What’s your favourite walk in an Ontario city? In a recent article in the New York Times*, New Yorkers put forward their favourite walking routes through the city’s streets and parks.
From routes home from late night music gigs to early morning dog walks, new architectural discoveries and best buddy bridges (yes really), it’s a fascinating insight into people’s relationship with their built environment.
It’s also a timely reminder, in national Foot Health Awareness month, just how important it is to get out of the car and walk, not just for our physical wellbeing but also for our mental health.
Physical Benefits of Walking
Let’s start with the physical benefits. We all know the importance of exercise, but finding time to fit it in during a busy working day can be difficult. However, if you commute to work, it’s usually much easier to add a purposeful walk to your daily routine than to find the time (and finance) for gym membership. Here’s how it works.
Simply by adding a brisk walk to your daily commute, or replacing lunch at your desk with a walk and a sandwich on a park bench, you can help:
- control swelling of joints from too much sitting
- improve your bone density
- lower high blood pressure
- reduce your risk of coronary heart disease and stroke
- reduce weight and body fat
- improve your wellbeing and reduce depression
- reduce your risk of diabetes
Just 30 minutes of purposeful, brisk walking a day can have other measurable results, including reducing your risk of a stroke by up to 27%**.
Pain when walking
Walking should be easy and pain-free, but if you find your feet, heels or even your toes are painful after walking, come and see us. We’ll check the fit of your shoes and your gait (how you walk), as many of us don’t actually walk very well in terms of how we place our feet on the ground. Many of our patients have benefitted from orthotics, custom-made insoles for your shoes that correct your foot position and make walking easier, more efficient, and more enjoyable! Call us or pop in to book an appointment.
Low cost help for depression
Walking is an easy, low cost solution that doesn’t cost you a fortune in expensive equipment or outfits. Walking outside in sunlight boosts your vitamin D levels, and activity stimulates the production of feel-good endorphins in your body that can be as effective as anti-depressives in cases of moderate depression.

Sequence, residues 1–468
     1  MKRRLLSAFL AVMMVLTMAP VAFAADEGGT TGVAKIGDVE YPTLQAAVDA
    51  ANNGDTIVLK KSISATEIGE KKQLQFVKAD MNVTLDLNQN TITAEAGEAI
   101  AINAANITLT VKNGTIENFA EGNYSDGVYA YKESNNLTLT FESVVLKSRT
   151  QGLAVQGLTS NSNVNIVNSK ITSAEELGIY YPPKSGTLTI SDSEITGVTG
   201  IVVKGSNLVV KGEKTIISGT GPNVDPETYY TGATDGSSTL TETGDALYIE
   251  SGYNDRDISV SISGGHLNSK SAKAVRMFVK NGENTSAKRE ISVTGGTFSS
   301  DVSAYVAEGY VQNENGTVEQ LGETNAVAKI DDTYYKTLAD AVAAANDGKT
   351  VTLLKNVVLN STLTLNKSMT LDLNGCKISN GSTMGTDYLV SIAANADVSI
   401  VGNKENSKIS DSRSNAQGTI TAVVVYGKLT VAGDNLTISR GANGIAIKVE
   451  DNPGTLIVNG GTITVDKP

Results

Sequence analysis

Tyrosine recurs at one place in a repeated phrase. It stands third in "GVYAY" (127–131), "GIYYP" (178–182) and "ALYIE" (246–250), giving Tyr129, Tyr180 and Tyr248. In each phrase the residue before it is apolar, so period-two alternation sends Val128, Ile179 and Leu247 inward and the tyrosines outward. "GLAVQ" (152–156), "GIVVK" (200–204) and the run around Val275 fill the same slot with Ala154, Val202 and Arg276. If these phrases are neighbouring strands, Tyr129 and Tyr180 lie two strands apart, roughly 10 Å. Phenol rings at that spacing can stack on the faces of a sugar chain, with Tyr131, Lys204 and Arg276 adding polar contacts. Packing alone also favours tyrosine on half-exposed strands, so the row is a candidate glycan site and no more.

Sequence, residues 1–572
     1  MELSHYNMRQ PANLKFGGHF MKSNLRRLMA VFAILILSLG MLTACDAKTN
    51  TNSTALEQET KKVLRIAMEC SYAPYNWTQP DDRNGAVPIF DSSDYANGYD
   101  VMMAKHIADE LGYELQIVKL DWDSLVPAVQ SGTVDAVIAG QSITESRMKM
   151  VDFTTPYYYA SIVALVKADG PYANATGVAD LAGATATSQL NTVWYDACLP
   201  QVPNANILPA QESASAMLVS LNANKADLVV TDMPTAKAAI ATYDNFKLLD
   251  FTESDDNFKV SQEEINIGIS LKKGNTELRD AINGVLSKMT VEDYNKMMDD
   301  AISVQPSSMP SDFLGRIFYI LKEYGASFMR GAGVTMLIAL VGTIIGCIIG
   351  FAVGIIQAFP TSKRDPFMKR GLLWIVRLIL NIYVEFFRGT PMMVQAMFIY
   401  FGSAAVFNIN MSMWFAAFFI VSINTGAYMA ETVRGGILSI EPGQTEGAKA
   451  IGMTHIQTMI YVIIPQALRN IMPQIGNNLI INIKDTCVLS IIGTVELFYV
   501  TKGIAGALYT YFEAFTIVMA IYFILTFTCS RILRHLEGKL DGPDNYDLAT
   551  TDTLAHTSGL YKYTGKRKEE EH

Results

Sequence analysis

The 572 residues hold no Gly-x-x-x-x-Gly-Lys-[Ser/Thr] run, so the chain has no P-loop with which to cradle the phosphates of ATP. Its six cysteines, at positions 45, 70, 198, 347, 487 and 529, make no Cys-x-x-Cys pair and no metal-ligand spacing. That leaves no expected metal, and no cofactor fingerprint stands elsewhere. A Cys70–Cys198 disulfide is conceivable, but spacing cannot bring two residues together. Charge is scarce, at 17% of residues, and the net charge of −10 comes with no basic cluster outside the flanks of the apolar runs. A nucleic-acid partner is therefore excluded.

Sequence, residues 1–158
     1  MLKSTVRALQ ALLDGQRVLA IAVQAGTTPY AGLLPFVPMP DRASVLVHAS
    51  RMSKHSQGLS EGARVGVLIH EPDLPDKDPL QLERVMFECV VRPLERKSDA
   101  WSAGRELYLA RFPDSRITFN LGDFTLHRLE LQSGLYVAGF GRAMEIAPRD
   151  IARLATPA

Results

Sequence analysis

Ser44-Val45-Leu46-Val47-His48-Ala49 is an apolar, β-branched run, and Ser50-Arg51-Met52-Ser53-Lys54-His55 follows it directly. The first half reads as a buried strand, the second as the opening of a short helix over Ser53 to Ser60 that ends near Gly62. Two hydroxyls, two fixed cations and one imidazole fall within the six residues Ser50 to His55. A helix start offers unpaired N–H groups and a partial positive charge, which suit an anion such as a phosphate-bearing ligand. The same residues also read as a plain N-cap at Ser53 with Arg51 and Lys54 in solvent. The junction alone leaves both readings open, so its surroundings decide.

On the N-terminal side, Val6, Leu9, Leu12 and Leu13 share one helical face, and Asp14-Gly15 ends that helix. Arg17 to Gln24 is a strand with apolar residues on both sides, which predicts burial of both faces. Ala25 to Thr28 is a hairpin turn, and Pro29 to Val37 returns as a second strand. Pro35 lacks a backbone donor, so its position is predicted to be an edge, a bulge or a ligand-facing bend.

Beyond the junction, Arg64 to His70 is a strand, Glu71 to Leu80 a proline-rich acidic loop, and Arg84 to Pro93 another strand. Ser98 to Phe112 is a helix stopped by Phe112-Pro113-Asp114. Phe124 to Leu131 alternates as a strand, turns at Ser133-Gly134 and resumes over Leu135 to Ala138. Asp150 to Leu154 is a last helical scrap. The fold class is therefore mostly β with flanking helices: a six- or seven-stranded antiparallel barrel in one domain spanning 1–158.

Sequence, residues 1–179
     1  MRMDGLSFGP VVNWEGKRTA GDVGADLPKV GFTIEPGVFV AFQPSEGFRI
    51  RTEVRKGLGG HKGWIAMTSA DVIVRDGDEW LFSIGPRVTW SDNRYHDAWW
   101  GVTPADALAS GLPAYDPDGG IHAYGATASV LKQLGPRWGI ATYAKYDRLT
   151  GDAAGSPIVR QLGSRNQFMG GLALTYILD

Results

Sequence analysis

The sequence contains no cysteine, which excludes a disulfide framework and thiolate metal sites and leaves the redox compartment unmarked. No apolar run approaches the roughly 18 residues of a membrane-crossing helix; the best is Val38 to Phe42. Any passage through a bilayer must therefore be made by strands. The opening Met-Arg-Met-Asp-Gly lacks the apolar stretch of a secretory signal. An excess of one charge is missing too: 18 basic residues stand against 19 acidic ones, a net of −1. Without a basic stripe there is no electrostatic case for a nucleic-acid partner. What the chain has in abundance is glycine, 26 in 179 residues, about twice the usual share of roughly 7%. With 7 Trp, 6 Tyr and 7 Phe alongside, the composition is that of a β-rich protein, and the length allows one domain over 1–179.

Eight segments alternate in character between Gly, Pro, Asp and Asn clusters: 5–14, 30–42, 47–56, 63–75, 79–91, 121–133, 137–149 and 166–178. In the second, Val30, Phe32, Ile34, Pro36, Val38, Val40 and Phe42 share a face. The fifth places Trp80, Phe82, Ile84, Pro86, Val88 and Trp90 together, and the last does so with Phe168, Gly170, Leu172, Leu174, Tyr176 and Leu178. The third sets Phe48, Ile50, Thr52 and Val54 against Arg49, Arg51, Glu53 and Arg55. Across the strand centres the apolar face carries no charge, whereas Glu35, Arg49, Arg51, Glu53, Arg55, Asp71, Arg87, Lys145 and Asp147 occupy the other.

What is a brisk walk?
We like the definition from the Government of Victoria, Australia: “‘Brisk’ means that you can still talk but not sing, and you may be puffing slightly.”
Now for the fun part!
Most of us walk to get from A to B, but when you walk for exercise, you don’t have a destination as such. So, you can choose your route to take you past interesting buildings you’ve only ever seen through your car window, along streets that are not on your usual driving route, past shops you’ve always wanted to pop into, or that deli that looks amazing. It’s up to you.
Walk the same parks or riverside paths once a week and see how the seasons change the view. Turn off the iPod and the cell phone, and listen to the sounds of the city, your city. You’ll remember more about these walks in the future too: activity such as walking can reduce your risk of dementia up to a massive 40%.
Share your favourite walk on Facebook
We’d love to hear about your favourite city walks, whether it’s a walk along the Thames in London, a favourite park route in Ingersoll, or even a walk to visit ancestors in the historic Avondale Cemetery in Stratford! To share your route on Facebook, just click on this link! And if Facebook is not your thing, send us an email – we’d love to hear from you.
** The British Stroke Association
Image of Middlesex County Courthouse, London, Ontario by Ivey VRL, on Flickr